We have developed and validated a nomogram that predicts the development of postoperative liver metastasis in early breast cancer patients. The nomogram included three items, including tumor size, lymph node metastasis, and HER2 status, and showed good agreement between the predicted and actual probabilities in the derived and validated cohorts.
Liver metastasis is a growing problem in the treatment of breast cancer. Liver metastasis severely affects patients' life quality and prognosis. Therefore, predicting higher risk liver metastasis breast cancer patients will enrich the population who may treated more specifically and thereby improve clinical outcomes in these patients.
Based on this nomogram, assuming a breast cancer patient with T3-4, lymph node metastasis and HER2-positive tumors, her total score was 205, as shown in Figure 1. Using a nomogram, the patient is expected to have a 20% possibility to develop liver metastasis. Therefore, patients with the above characteristics are expected to benefit from liver metastasis screening.
In contrast, an assuming patient with a T1-2 tumor, no lymph node metastasis, and the HER2 negative status had a total score of 0, as shown in Figure 1. Using a nomogram, the predicted chance for this patient to get liver metastasis is relatively low (less than 5%).
There is currently no specific preventive treatment to reduce the incidence of liver metastasis in breast cancer. But due to the local liver treatment (surgery, intrahepatic local chemotherapy, etc.), strengthen surveillance may bring benefits for high-risk metastatic breast cancer patients. We are not the only one trying to establish a nomogram on breast cancer liver metastasis. Lin and his colleagues constructed a nomogram using variables such as sex, histology type, N stage, grade, age, ER, PR, HER2 status. The problem with their nomogram is that the patients they enrolled are de novo liver metastasis, which means that the diagnosis of liver metastasis and the diagnosis of breast cancer are simultaneous and thus it didn't have enough predictive value. The patients included in this study are those who have liver recurrence after early breast cancer treatment. Thus, our nomogram has more superior predictive value than theirs.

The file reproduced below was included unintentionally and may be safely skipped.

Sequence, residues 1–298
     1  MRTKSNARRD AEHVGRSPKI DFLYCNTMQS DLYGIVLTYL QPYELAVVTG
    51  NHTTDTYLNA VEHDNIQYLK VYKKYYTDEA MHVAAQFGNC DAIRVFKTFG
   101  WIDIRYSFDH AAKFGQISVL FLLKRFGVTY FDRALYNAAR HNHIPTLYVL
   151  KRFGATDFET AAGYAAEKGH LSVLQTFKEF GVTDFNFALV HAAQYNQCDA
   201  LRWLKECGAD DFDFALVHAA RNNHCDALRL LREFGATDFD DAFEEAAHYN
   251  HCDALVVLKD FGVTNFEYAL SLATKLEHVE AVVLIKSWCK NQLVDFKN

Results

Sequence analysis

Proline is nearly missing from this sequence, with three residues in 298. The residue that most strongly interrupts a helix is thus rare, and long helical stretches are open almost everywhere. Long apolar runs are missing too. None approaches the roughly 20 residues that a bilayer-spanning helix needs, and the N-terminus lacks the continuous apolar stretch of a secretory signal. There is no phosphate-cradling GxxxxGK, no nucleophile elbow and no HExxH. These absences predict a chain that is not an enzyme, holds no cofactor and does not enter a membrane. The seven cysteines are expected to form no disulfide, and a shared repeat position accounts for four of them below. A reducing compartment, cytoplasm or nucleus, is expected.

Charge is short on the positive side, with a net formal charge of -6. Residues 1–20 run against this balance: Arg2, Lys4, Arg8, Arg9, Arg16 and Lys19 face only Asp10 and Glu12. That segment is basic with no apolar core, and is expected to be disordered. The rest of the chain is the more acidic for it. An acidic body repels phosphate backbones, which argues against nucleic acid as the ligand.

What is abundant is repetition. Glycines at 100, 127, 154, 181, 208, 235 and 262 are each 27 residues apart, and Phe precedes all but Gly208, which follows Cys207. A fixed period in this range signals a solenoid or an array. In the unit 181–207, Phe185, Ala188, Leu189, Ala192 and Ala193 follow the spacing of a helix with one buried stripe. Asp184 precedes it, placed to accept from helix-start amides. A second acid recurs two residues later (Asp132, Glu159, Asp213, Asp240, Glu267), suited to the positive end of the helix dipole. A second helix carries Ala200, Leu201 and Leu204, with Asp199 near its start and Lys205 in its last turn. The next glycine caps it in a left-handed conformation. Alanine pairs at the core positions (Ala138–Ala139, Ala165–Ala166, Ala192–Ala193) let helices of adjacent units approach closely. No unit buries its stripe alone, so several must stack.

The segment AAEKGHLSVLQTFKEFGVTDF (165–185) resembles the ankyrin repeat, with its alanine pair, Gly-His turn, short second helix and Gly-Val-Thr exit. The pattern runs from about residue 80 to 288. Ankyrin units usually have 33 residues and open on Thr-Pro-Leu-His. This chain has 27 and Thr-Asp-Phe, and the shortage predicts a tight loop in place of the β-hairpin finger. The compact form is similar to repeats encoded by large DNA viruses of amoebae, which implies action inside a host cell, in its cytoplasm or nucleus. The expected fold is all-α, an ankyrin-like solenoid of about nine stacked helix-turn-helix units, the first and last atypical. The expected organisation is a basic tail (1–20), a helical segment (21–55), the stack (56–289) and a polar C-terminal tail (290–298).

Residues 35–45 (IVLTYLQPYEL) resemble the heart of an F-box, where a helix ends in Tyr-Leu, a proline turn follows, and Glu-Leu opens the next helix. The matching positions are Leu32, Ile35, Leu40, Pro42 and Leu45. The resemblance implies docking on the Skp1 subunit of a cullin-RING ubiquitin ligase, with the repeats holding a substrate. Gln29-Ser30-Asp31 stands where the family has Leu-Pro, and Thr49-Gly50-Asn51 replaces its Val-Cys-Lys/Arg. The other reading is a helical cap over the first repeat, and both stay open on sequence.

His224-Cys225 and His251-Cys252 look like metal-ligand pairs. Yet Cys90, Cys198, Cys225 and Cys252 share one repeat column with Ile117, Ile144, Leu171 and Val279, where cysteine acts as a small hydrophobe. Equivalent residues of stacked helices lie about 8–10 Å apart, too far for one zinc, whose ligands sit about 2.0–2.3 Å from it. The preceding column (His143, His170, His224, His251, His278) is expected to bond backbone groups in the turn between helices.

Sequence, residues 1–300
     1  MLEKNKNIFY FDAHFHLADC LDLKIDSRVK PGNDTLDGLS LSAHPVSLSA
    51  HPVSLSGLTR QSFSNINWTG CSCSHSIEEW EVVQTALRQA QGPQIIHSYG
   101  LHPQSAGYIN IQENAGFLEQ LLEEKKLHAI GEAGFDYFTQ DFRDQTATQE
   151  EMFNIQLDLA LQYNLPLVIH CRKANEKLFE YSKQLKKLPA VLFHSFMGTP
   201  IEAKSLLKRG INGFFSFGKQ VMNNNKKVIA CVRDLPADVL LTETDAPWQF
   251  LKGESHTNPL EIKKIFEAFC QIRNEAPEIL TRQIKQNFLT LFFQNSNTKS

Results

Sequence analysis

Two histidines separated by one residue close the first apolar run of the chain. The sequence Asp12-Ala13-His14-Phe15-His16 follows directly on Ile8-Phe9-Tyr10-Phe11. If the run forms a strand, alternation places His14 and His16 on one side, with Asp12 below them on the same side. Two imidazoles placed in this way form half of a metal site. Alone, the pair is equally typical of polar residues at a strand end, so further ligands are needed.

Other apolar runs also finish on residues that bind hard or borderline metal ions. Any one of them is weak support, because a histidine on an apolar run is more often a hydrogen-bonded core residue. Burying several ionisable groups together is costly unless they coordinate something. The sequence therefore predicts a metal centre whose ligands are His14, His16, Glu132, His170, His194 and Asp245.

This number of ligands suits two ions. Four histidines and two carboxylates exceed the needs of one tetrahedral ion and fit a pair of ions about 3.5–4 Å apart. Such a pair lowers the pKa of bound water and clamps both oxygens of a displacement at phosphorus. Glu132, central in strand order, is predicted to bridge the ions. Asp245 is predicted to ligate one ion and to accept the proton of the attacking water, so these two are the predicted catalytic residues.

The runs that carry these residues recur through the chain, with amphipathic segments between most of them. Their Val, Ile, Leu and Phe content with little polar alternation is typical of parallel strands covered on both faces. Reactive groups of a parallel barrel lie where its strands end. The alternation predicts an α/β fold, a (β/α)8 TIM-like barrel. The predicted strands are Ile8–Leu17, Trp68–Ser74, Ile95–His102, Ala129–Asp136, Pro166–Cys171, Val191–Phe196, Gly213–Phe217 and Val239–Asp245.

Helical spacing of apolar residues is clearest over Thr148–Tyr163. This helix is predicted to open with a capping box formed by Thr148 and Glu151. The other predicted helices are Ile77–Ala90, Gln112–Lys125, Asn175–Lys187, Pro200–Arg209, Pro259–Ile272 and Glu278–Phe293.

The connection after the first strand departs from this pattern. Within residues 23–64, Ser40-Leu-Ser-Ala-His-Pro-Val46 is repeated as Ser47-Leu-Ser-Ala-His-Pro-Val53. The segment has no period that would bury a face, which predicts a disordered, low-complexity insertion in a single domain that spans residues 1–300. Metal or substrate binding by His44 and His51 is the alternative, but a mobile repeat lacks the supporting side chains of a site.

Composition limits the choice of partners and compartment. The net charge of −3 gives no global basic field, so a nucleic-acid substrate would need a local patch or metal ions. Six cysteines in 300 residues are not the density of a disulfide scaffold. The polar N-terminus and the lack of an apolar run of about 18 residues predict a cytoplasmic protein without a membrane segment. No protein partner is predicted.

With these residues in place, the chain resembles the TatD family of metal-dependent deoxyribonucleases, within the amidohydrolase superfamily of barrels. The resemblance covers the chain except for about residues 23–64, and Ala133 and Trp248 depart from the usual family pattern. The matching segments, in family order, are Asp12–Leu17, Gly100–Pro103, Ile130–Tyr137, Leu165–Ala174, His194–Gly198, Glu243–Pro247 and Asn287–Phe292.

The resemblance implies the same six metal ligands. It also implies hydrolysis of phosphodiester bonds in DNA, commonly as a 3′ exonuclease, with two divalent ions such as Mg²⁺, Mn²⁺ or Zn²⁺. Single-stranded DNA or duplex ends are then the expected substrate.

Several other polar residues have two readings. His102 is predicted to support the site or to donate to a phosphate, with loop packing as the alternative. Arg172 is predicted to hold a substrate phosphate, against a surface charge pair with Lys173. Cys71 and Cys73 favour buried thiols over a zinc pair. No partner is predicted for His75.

It is worth noting that this study also has some limitations. Ideally, external verification should be done using a separate data set from another organization. The current validation set came from the same center, which can lead to over-fitting of the model. Besides, the nomogram was based only on Chinese patients and may not be suitable for the western population. Moreover, this nomogram was constructed using retrospective data, so more prospective studies should be performed for further validation.
In summary, we developed a nomogram, which is a powerful tool for predicting subsequent liver metastasis in early breast cancer patients. Our model will allow the identification of patient populations at high risk of liver metastasis, helping to design preventive trials for affected populations. Further research is needed to determine whether it can be applied to other populations.